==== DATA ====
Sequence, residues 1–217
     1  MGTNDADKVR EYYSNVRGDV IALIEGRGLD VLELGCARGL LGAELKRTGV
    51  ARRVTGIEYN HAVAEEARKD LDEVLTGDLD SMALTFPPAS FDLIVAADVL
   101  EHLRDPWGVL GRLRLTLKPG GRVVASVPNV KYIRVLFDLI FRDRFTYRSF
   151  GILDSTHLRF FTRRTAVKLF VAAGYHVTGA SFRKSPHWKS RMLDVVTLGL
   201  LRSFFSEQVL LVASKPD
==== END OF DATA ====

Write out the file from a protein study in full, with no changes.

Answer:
Sequence, residues 1–217
     1  MGTNDADKVR EYYSNVRGDV IALIEGRGLD VLELGCARGL LGAELKRTGV
    51  ARRVTGIEYN HAVAEEARKD LDEVLTGDLD SMALTFPPAS FDLIVAADVL
   101  EHLRDPWGVL GRLRLTLKPG GRVVASVPNV KYIRVLFDLI FRDRFTYRSF
   151  GILDSTHLRF FTRRTAVKLF VAAGYHVTGA SFRKSPHWKS RMLDVVTLGL
   201  LRSFFSEQVL LVASKPD